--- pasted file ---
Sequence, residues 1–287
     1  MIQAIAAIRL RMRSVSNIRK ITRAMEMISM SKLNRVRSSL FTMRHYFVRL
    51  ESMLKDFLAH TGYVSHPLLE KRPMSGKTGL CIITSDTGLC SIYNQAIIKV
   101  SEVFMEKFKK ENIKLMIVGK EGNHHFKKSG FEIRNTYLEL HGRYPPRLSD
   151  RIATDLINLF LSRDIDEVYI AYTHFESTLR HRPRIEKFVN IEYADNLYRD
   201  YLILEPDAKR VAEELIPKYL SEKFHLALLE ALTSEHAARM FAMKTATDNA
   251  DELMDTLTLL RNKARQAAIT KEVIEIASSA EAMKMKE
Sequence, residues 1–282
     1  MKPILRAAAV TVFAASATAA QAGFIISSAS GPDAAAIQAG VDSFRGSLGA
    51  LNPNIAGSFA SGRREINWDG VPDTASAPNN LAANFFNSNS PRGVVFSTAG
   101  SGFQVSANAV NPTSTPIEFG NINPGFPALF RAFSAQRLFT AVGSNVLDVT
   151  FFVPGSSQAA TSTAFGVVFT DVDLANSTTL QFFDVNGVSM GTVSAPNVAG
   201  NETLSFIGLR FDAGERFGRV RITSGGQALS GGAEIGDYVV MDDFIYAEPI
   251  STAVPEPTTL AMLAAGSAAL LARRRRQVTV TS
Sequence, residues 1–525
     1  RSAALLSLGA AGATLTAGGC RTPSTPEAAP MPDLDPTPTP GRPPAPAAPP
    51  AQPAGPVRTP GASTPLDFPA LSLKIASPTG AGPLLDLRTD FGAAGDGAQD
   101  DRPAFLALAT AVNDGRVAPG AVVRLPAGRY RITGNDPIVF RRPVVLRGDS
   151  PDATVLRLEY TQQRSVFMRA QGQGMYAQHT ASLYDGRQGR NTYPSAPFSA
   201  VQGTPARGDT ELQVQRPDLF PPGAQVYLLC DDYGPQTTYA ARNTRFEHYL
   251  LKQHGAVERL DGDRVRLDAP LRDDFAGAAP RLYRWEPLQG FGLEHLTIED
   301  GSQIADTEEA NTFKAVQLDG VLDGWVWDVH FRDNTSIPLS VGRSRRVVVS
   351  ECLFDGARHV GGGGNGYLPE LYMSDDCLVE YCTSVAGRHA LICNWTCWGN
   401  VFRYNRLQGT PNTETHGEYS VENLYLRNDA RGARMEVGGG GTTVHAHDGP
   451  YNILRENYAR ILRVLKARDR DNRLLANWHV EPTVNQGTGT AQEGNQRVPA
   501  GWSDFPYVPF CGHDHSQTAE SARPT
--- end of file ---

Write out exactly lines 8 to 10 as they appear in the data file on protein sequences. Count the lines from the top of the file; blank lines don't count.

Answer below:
Sequence, residues 1–282
     1  MKPILRAAAV TVFAASATAA QAGFIISSAS GPDAAAIQAG VDSFRGSLGA
    51  LNPNIAGSFA SGRREINWDG VPDTASAPNN LAANFFNSNS PRGVVFSTAG